BOSTON (CBS) — Celtics point guard Rajon Rondo made his debut on the broadcast desk on Monday night, calling the first half of Boston’s loss to the Chicago Bulls.
On the night the Celtics were officially eliminated from playoff contention, Rondo served as Comcast SportsNet New England’s color commentator next to mainstay Mike Gorman, giving fans his insight and a few stories throughout the 24 minutes of basketball.
The C’s guard, who has sat out the second half of back-to-back games this season while recovering from ACL surgery, made it through the opening segment well, but said it took some time to get into the flow of the game.
Once he got going, Rondo said it was like any other night of watching the game he loves.
“It was just like talking, sitting in your living room, talking to a friend of yours, dissecting the game,” Rondo told ESPNBoston’s Chris Forseberg after the game.
WATCH: Rondo’s Debut On CSNNE
It was Rondo’s idea to do sit next to Gorman for a half of television play-by-play, and with his health situation this season offered the perfect opportunity.
“It’s just something I wanted to do. I did it for the fans, I did it for my team, it’s something different; not a lot of guys do it currently while playing,” said Rondo. “I thought it would be OK to give it a shot. Like I said, I wasn’t playing the back-to-back, and I was traveling with the team, so why not?”
Toucher & Rich on Rondo’s Broadcast Debut:
Though he was guarded at times, not wanting to get in trouble for giving up too much information or commenting on officiating, Rondo did analyze and break down a few plays drawn up by head coach Brad Stevens. Rondo sang the praises of most of his teammates, including former D-Leaguer Chris Johnson, Kris Humprhies and rookie Kelly Olynyk.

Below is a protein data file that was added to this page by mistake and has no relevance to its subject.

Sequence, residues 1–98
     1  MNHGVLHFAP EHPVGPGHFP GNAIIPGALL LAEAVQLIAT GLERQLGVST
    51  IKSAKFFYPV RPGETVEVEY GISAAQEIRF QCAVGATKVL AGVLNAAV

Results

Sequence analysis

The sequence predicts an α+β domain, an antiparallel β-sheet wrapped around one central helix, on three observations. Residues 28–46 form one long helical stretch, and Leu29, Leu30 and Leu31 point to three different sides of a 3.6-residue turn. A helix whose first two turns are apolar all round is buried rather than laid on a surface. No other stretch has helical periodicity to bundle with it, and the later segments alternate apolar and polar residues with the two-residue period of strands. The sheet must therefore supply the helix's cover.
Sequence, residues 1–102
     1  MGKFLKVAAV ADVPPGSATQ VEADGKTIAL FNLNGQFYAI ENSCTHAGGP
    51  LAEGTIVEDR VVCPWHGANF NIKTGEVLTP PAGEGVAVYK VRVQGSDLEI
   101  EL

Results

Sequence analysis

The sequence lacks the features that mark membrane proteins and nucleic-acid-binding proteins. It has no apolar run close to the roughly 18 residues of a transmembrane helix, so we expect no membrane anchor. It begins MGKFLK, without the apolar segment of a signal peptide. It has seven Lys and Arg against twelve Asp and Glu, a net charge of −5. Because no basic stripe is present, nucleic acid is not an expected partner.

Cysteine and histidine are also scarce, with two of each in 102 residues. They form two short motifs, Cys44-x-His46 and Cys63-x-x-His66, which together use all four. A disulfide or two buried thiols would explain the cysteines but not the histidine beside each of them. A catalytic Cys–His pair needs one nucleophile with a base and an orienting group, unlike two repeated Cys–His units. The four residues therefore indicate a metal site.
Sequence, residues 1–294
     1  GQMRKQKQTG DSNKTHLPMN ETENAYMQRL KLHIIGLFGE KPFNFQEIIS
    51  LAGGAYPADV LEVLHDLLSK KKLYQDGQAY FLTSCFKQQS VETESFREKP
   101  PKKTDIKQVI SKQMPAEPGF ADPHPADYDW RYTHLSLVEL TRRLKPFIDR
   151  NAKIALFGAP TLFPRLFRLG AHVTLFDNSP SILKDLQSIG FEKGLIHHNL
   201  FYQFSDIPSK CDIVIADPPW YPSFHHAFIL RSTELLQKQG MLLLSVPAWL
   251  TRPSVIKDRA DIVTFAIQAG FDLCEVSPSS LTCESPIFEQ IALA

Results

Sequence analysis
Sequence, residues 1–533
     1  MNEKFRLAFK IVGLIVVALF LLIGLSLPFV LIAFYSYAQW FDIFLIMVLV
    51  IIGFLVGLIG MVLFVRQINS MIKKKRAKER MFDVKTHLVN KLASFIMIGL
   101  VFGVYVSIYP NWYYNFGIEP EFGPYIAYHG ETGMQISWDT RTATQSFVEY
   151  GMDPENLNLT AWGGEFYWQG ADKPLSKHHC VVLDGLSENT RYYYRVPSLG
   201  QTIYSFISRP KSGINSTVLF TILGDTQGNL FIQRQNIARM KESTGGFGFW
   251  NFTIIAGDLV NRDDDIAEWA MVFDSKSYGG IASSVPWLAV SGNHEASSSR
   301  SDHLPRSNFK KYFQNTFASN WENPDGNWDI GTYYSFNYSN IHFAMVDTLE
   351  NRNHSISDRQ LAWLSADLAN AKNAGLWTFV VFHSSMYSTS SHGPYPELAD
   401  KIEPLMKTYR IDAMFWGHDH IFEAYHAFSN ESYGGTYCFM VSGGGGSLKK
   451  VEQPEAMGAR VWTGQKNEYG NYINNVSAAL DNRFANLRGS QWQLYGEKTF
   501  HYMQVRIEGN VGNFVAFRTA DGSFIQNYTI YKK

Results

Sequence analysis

Rondo even offered up some praise for a couple of Bulls he’s had some run-ins with in the past, including Joakim Noah and Kirk Hinrich. Rondo said he and Noah have squashed any beef the two had, and that he loves to compete against Hinrich. There was no talk of the 2009 tussle that Rondo and Hinrich got into during the 2009 postseason.
But Rondo’s biggest takeaway from the evening was the professionalism of Gorman, who has been doing Celtics games for over 30 years. While Rondo was still trying to find his groove early, Gorman helped him by asking some simple, but conversational, topics, like the difficulty of guard Jerryd Bayless playing the two-guard one night and then handling point guard duties the next.
“I didn’t realize it, but Mike is so good at it, he makes it look easy and it’s not,” said Rondo. “He’s probably the best at what he does. All the things that you don’t see on camera that he’s doing, he’s doing about 90 things in one minute behind the scenes.”
Rondo isn’t sure if he will get another shot at doing more play-by-play, but said he’d be open to it in the future.
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